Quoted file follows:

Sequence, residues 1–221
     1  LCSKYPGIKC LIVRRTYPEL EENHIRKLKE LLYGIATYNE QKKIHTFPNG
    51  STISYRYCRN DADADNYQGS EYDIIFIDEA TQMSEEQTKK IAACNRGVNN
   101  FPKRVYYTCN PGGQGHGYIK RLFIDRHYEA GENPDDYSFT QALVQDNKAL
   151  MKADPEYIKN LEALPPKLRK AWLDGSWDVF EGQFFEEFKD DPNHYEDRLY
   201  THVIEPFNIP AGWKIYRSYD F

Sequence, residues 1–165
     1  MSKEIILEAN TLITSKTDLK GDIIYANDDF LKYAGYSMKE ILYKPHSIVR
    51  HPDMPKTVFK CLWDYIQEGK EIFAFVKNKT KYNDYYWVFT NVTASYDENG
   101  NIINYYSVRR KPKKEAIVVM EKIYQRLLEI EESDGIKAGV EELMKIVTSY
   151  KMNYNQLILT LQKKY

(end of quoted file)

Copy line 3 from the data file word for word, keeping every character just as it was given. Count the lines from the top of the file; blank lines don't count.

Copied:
    51  STISYRYCRN DADADNYQGS EYDIIFIDEA TQMSEEQTKK IAACNRGVNN